When Suburban Commando isn’t griping about daily annoyances or showing Hulk Hogan try to skateboard, it is still not particularly good. The “adult” humor about work, family, and minor inconveniences really has no place in a film that’s so strongly geared towards kids. However, there are little moments of cartoon absurdity that point to the movie that could have been. The movie is actually funny when the bounty hunter played by Mark “The Undertaker” Calaway is revealed to have the voice of a 4 year-old. The silliness kind of works when the other bounty hunter’s rocket boots send him throttling through a wall that leaves a man-shaped hole or when Shep Ramsay accidentally sends an 8 year-old girl (Mad Men’s Elisabeth Moss!) hurtling through the air. When utilizing people famous for overacting (whether it’s Christopher Lloyd and Larry Miller doing it well or Hulk Hogan doing it very poorly), absurdity seems to be the most effective style of humor. Unfortunately, there was not nearly enough of that in this one.
Hulk Hogan’s acting is especially cringeworthy. The way he mugs for the camera is distracting, even in a low-aiming movie clearly targeted at kids. General Suitor and most of the child actors tend to be pretty terrible as well. Remarkably though, everyone else seems to know what kind of movie they’re in and how to treat it. They sell their roles with a strength of craft that the film doesn’t deserve.
The worst types of bad movies typically were intended to be comedies. If a horror fails to be horrifying, it can still be interesting. If a drama fails to be dramatic, it can still be unintentionally hilarious. However, if a comedy isn’t comedic there’s nowhere else for it to go. At least 95% of the jokes fall flat because of poor pacing/context with the rest of the film, Hogan’s tone-deaf delivery, or just straight up being extremely weak jokes.
Also, the soundtrack made no sense whatsoever. Over the opening credits we’re treated to the introduction to Christopher Lloyd’s family while an awkward rap song by someone named J-Rock plays over the dialogue. It’s one of the worst songs I’ve ever heard.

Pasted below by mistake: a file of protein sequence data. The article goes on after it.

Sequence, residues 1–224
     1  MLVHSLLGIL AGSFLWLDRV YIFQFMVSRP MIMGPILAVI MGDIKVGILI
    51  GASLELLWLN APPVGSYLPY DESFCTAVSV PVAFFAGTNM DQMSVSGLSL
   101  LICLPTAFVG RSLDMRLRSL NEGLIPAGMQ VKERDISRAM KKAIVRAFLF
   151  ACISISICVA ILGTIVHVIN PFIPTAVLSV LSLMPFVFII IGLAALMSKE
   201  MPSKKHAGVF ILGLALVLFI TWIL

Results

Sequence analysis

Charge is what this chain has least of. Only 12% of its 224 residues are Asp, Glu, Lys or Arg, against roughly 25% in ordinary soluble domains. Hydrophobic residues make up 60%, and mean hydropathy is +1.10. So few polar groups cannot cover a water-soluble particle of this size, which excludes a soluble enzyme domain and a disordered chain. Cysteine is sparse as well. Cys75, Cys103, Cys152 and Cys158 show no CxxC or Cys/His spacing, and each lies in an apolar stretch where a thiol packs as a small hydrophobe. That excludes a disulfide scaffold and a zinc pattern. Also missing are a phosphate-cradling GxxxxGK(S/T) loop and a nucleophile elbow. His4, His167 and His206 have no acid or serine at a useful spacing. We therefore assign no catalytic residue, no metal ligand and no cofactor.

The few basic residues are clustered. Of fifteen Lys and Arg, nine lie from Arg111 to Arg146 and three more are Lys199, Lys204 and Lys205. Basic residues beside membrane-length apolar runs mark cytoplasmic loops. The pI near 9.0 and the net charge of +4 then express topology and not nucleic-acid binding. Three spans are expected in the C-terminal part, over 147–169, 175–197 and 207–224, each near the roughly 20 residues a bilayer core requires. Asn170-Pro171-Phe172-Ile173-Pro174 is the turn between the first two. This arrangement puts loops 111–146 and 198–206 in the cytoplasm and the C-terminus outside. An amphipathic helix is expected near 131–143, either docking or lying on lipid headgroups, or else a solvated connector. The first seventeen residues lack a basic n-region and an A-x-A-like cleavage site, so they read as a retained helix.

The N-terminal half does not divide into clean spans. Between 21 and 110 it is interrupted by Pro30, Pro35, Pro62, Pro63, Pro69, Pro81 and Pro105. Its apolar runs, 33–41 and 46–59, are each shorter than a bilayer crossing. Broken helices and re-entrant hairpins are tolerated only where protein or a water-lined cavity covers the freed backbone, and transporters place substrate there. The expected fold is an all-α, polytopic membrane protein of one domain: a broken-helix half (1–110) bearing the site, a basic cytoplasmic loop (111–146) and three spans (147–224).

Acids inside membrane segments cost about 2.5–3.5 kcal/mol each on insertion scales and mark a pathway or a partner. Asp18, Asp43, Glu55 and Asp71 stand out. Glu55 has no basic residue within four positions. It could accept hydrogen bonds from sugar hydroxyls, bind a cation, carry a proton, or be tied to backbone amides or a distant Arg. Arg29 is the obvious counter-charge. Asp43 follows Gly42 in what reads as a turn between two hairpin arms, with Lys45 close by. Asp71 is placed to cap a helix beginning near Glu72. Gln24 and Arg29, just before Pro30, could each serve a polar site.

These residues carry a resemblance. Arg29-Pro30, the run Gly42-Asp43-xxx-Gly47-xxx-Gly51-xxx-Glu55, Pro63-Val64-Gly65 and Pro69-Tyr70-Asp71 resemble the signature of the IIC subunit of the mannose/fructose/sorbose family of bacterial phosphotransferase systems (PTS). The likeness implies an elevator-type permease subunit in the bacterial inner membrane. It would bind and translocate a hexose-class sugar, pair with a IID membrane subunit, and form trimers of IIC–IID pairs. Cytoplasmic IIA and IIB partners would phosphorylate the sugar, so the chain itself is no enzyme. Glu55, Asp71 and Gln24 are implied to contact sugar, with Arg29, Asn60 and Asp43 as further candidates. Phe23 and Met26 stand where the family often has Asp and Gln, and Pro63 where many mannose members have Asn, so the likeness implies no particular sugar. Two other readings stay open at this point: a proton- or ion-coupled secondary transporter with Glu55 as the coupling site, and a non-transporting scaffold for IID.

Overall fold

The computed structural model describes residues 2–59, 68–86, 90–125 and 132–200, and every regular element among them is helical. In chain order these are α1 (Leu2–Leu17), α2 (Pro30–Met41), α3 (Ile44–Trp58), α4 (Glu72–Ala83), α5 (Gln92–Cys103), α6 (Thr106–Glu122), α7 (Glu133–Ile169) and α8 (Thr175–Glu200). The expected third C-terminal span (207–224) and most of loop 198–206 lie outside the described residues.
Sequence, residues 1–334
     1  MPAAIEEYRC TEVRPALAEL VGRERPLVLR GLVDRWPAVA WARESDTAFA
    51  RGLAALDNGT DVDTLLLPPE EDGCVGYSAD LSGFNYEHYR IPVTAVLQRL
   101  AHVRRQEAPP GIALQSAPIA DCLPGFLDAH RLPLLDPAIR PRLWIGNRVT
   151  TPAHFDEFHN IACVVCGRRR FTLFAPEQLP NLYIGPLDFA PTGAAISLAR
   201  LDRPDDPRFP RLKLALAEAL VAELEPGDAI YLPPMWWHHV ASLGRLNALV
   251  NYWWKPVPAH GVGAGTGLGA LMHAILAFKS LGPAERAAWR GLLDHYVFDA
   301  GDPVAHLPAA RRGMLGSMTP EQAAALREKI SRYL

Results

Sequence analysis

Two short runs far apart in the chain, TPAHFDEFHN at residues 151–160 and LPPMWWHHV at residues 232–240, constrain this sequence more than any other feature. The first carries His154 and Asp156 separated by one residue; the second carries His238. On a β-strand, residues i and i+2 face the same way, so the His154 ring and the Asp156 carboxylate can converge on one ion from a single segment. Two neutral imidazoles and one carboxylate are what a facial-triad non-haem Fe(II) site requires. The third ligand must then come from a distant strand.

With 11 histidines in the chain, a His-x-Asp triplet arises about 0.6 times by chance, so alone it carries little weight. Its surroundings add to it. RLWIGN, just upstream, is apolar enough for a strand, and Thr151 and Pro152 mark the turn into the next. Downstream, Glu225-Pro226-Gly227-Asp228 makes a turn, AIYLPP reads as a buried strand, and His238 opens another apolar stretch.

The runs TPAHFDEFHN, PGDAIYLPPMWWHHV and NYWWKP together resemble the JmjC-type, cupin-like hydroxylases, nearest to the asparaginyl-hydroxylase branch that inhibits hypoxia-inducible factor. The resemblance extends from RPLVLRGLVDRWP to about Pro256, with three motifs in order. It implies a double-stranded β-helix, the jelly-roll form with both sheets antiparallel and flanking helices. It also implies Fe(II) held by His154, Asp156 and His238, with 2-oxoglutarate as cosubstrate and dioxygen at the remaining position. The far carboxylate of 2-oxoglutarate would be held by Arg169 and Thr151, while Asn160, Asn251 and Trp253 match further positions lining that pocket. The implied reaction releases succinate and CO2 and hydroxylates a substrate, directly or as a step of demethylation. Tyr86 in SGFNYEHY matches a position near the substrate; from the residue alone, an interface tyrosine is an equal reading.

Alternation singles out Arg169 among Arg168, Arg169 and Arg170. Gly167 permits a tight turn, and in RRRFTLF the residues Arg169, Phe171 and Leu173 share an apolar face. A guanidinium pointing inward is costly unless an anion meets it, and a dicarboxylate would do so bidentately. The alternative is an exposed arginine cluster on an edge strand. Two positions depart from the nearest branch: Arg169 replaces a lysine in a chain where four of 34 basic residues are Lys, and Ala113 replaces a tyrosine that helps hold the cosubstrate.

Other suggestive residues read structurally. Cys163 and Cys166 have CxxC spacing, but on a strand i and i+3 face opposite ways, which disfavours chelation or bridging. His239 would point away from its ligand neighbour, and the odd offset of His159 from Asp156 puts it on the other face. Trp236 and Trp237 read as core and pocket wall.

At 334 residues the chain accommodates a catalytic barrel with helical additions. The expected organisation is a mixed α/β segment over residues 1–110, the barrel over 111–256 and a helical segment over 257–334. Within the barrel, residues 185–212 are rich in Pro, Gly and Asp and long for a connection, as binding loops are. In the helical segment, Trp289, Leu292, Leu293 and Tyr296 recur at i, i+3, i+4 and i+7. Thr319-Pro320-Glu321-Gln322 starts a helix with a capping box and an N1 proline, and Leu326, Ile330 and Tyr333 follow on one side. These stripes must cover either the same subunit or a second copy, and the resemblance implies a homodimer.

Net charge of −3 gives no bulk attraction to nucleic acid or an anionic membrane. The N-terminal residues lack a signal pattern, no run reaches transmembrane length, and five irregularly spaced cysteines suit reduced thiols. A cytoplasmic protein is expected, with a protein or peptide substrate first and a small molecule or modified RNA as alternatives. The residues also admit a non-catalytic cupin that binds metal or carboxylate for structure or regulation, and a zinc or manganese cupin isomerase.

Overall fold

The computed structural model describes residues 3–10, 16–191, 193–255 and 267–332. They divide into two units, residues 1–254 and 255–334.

There’s also a puzzling reggae song that plays as Hogan’s character walks through suburbia… because reggae is the voice of provincial America for some reason.
Was It Worth Watching?
The lack of focus on its admittedly weak story and all the actors’ propensity to go for broke make it clear that Suburban Commando is a full-on children’s movie. Frankly, there isn’t really anything to offer adult audiences, despite its efforts at lampooning modern times. The juvenile spirit and worldview of the movie doesn’t make any attempt to mature when tackling more “grown-up jokes”.
That being said, unlike many other movies of my generation’s youth, I don’t plan on showing it to any potential children of my own either.
Zak has been an avid movie fan since his mom made him cover his eyes before the “icicle stabbing” when they rented Die Hard 2 in 2nd grade. As a consolation, in 6th grade he got straight A’s so she gave him the entire Die Hard trilogy on VHS. The rest is history.
All images courtesy of New Line Cinema